What's needed is for the FIA to "grow a pair" and to act as a custodian of the Sport, not an adjunct to the interests of either the Teams nor CVC\Bernie. An autonomous Governing Body, not in thrall to vested interests would be a good starting point for curing F1's ills.
Oh, and no races in Azerbaijan, Bahrain, Sochi and similar hell-holes would also help."

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8. Posted by JackTheCat, 03/06/2015 9:40

"Couldn't agree more with Mike about the GPDA Survey, I too gave up after 20 inane questions. Who in their right mind signed that nonsense off?"

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9. Posted by Willie, 03/06/2015 3:15

"Like Mike, I have been following F1 since the days of Alfa-Romeo and Fangio (my second favorite driver after Gonzales).
Today we have cars which are essentially Super Go-Carts, running on Micky Mouse tracks, (except for Monaco which is glamorous but sucks).
As soon as Bernie is gone, I expect the whole thing to self-destruct within 5 years."

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10. Posted by ape, 02/06/2015 16:15

"Didn't we call this mess a "Polish parliament" LMFAO"

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11. Posted by A J S, 02/06/2015 11:46

"I agree with pretty much all of what Mike Lawrence says in his article and the GPDA survey frustrated me too. I felt many of the questions weren’t particularly relevant, but if you are being asked about your favourite driver and team, why not your favourite designer too? I am a far bigger “fan” of the likes of Rory Byrne and Patrick Head than any driver. My interest in Formula 1, and all motor racing for that matter, is much longer than the ten years on the questionnaire. Also, I worked in F1 for more than a quarter of a century too (and not as a PR drone either) but all I could record was being a “technical specialist”, and no more. Sadly I don’t work in the game now, principally due to health issues, however I think my experience still has some relevance.
Putting a cap on employees is an interesting thought. Race teams are too big at present, even some so-called mid-grid teams have grown over the last few years to a level where races wins would have been expected a few years ago. With a lower head count and therefore a lower budget perhaps new teams have a reasonable chance of survival. However, I think the idea would have a better chance of working if there is some sort of cost cap on the bigger salaries teams face. Drivers being paid over 10% of a team budget just can’t be right, no matter how good they are.
There is very little cross over from Formula 1 technology to road cars. Maybe there is a bit more now with the hybrid power unit systems, but I suspect the different duty cycle requirements, production volumes etc. mean the transfer is minimal. The types of carbon fibre used in an F1 tub or bodywork are very different to those used in the BMW i8; suspension systems are allowed to be much more complex on a road car than a single-seater race car; aerodynamic requirements are completely different and so on and on and on.
With regard to the rules and regulations, I think they should come from a separate authority so there is no fighting for a particular current advantage by any strategy group member. The current technical regulations are far too restrictive in many ways, too liberal in a few others, and occasionally rather silly. I won’t elaborate here though as it would turn into War and Peace!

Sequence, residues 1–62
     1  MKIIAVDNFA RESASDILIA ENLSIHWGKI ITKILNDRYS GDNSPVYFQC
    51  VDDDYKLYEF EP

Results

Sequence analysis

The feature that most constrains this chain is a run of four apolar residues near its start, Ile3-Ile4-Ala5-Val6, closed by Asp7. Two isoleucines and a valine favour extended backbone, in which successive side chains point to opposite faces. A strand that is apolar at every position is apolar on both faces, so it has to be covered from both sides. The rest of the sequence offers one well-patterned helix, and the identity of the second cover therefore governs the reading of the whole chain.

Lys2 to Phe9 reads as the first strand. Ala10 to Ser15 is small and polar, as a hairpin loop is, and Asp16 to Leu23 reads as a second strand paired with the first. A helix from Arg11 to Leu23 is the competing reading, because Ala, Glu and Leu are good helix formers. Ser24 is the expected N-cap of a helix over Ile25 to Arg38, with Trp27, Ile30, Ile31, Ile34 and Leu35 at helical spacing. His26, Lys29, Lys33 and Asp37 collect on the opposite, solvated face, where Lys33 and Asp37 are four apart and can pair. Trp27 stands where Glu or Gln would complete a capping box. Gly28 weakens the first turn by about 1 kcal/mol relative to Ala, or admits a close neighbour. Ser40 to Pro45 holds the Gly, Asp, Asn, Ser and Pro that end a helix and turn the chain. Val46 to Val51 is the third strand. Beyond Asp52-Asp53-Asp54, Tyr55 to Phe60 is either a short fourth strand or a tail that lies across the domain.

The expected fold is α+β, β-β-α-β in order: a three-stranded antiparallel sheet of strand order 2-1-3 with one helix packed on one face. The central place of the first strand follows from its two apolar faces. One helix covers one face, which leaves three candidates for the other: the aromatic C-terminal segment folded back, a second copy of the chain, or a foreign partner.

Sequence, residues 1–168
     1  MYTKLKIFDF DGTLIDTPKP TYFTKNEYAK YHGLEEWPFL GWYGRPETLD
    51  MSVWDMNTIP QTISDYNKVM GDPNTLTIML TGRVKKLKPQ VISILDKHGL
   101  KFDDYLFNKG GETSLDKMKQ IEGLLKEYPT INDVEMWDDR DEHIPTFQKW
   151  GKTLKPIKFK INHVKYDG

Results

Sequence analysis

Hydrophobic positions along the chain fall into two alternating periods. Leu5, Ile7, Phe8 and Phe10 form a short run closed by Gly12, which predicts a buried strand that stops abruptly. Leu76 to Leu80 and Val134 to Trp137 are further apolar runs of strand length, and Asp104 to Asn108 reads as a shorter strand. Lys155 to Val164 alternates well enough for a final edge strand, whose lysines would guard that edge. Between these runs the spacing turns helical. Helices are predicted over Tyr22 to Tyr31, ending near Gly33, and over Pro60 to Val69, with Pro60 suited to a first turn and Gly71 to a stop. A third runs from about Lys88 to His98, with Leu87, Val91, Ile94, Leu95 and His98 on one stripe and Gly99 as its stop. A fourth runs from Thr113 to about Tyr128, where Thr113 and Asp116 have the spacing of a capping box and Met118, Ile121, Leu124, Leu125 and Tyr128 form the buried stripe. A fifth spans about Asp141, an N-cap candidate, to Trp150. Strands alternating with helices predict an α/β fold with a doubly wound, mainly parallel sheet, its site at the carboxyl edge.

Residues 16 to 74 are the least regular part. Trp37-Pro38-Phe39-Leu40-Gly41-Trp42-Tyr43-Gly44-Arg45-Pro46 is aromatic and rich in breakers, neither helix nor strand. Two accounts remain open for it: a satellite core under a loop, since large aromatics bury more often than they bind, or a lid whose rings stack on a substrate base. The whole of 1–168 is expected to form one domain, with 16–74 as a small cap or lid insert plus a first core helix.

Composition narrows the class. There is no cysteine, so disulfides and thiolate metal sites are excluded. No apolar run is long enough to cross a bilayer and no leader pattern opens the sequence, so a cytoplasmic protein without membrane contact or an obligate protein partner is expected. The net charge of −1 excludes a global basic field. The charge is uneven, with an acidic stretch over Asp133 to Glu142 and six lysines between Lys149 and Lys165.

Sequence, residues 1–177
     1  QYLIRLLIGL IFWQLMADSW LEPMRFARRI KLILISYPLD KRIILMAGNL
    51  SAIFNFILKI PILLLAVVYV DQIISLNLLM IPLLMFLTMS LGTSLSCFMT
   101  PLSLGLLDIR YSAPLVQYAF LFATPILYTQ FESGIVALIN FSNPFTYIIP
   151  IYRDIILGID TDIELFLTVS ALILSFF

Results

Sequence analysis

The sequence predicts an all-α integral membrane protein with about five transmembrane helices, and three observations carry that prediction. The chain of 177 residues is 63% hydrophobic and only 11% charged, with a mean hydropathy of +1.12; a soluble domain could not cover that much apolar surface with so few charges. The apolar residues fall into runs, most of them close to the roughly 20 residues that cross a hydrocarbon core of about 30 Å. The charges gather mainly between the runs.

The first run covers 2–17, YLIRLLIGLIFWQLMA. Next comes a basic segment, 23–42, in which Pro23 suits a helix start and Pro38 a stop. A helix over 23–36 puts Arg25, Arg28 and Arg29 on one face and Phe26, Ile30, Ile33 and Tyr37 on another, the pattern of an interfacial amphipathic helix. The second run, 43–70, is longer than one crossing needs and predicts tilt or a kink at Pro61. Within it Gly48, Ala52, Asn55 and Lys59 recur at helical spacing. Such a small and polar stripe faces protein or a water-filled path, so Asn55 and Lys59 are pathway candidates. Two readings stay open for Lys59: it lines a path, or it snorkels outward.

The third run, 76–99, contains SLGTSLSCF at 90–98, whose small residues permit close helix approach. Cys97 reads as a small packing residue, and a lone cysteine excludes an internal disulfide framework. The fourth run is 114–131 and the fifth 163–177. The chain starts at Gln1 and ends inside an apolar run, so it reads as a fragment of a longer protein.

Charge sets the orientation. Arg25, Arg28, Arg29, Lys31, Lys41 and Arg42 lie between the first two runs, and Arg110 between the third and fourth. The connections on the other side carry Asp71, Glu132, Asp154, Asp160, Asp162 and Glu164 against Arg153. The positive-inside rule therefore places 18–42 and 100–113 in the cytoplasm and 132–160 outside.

Formula 1 is heading in the wrong direction now and strategy groups, surveys as currently presented and other similar ways of finding solutions just will not work.
"

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12. Posted by Mugmug, 02/06/2015 11:40

"Missed you Mike Lawrence.
I don't always agree with everything you say, but it's your "style " that makes me read your articles. Just like a book or movie, if I finish reading or watching it, it's good.

The only way out of the crisis F1 is in, is to:
1) get rid of Jean Todt
2) back to ICE , V10s, V8s
3)Get rid of Bernie, (that's coming soon anyway)
4)Turn all the Tilke tracks built in the last 10 years into Solar or Wind farms.
5)Eliminate "reviewing" and penalizing ALL contacts with cars/drivers. (It's getting ridiculous and preventing
drivers from making daring moves.)
6)Free tire choice for the weekend. (What does mandating 2 tire choices accomplish other than complicating
things and requiring teams to hire a "tire strategist"
7)More durable tires (minimizes marbles, opens up overtaking zones, and in general requires more driver
skill.
8) For everybody's sake, get rid of the effin fuel flow metering/monitoring. The only thing this STUPID rule
does is complicate things ,limit the fuel starved engines even further and lower the quality of racing.
9) Limit in car radio communication relating to pit stops only.
10) To prevent an overdose of "pay drivers", require higher achievement levels in order to obtain a super
license.

These are just 10 suggestions, there are many more, but I'm getting long winded as it is.
"

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13. Posted by Steve W, 02/06/2015 9:49

"Natcheztoo: IndyCar is not that smart as the series has proven for nearly 20 years. I fear F1 is about to head down a similar road..."

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14. Posted by Steve W, 02/06/2015 9:43

"Never owned an MG, but I did have a Triumph GT6. If racing improved those breeds, then those breeds must have been in a really sorry state to begin with.

Sorry."

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15. Posted by Willie, 02/06/2015 7:38

"Missed you, Mike."